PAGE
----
Inspector Hal Challis has been summoned to his boyhood home, Mawson’s Bluff in the Australian Outback, where his father is dying. There his past comes back to haunt him... and endanger his life. Meanwhile, a serial pedophile is on the loose on the Mornington Peninsula, and Sergeant Ellen Destry, who is left to head up the area’s Crime Investigation Unit, must find a little girl who was abducted from the fairgrounds at the annual Waterloo Show before it is too late.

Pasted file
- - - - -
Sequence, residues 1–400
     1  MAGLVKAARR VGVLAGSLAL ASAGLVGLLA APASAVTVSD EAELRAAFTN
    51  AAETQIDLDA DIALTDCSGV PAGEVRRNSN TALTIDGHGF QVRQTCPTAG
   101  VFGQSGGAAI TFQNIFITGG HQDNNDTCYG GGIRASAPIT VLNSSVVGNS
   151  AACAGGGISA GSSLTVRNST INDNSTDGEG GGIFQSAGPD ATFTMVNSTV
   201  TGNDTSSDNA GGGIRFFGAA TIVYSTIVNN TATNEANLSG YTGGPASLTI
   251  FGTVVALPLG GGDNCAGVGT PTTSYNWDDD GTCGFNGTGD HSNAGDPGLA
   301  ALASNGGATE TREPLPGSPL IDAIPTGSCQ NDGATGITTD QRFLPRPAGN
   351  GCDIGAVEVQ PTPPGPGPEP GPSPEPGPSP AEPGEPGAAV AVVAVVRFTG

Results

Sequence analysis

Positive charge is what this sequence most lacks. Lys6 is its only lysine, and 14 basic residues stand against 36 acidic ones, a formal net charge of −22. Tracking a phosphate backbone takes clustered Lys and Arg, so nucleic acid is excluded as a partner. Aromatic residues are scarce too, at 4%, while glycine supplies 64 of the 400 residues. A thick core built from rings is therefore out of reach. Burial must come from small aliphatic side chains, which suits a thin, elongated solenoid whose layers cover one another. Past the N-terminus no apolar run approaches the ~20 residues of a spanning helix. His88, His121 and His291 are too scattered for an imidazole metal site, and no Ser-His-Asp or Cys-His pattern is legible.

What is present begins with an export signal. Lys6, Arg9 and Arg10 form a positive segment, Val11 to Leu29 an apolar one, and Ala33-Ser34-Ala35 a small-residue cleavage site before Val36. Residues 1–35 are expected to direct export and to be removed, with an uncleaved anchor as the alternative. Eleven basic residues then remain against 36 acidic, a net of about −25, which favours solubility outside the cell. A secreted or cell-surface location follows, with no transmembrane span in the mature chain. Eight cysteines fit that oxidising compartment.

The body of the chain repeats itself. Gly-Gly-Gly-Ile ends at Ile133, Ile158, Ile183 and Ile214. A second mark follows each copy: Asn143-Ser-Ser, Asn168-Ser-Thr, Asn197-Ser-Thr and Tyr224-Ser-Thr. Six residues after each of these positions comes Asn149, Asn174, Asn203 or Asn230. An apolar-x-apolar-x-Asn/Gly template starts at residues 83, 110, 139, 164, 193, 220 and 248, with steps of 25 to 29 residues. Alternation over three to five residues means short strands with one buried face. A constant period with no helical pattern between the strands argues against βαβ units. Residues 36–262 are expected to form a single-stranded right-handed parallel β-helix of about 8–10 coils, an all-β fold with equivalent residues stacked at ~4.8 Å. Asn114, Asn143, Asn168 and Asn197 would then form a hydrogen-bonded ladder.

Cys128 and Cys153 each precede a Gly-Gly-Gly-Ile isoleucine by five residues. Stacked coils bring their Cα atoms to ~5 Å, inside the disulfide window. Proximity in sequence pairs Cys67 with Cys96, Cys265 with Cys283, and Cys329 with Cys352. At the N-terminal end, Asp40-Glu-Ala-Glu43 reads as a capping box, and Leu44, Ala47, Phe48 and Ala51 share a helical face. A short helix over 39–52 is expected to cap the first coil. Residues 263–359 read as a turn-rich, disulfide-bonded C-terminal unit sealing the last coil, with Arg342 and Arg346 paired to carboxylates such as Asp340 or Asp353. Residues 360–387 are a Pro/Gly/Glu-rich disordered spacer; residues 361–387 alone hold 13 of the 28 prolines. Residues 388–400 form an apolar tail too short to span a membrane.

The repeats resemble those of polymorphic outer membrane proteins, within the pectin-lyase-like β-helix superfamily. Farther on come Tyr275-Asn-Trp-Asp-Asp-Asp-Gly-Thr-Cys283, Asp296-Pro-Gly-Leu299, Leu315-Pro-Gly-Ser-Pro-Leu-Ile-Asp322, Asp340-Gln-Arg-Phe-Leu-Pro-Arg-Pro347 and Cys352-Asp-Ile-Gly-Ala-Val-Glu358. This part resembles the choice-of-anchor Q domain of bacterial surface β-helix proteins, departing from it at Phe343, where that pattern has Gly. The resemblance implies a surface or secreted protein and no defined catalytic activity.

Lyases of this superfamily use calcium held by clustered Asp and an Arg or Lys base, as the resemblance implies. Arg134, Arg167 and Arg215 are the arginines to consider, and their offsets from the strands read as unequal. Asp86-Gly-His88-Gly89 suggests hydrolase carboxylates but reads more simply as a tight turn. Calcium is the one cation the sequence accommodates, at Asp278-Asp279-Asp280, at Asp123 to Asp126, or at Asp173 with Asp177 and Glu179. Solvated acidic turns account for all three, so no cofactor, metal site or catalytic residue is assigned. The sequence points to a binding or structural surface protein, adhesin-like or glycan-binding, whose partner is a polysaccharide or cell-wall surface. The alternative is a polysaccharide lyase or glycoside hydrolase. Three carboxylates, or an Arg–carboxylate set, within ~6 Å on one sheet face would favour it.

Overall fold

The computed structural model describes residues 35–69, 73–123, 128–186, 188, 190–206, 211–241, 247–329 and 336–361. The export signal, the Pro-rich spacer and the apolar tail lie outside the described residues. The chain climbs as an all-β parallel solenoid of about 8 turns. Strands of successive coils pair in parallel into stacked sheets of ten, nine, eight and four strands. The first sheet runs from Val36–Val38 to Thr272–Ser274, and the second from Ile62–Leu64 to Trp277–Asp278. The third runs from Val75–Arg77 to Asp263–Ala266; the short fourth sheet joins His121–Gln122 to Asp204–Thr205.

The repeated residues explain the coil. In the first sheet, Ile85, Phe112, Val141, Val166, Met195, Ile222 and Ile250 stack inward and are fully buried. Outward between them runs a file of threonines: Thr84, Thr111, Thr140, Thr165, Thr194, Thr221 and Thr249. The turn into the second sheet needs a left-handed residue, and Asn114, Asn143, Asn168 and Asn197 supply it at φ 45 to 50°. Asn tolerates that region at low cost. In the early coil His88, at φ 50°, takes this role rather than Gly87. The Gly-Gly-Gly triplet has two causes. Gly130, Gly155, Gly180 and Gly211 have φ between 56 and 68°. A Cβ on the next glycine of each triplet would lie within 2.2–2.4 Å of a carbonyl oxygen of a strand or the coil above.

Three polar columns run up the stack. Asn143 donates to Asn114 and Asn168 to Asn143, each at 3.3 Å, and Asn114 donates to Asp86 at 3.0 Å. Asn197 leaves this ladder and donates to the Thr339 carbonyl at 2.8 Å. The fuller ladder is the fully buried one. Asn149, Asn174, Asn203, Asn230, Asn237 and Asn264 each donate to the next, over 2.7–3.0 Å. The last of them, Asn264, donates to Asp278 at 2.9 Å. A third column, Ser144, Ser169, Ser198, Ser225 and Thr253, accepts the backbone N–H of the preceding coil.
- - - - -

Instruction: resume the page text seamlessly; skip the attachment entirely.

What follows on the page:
Australian Disher's fine fourth novel to feature Insp. Hal Challis, head of Peninsula East's Crime Investigation Unit in Waterloo, Queensland (after 2005's Snapshot), opens with the kidnapping of 10-year-old Katie Blasko. In Challis's absence, Sgt. Ellen Destry leads the investigation while her boss visits his dying father in the South Australia sheep-farming village he came from (and does some unofficial sleuthing on the mysterious disappearance of his brother-in-law five years earlier). When the girl is discovered, viciously abused, Destry's supervisors are a bit too eager to close the case as the inquiry widens into something much larger. Disher deftly weaves in layers of complexity, particularly the resentful antagonism that separates Waterloo's lower-middle-class families from the town's power structure. A compelling mix of procedural detail and action round out a fully credible plot and characters. Though some of the multitudinous subplots dilute the novel's overall impact, it's nonetheless a deeply satisfying read.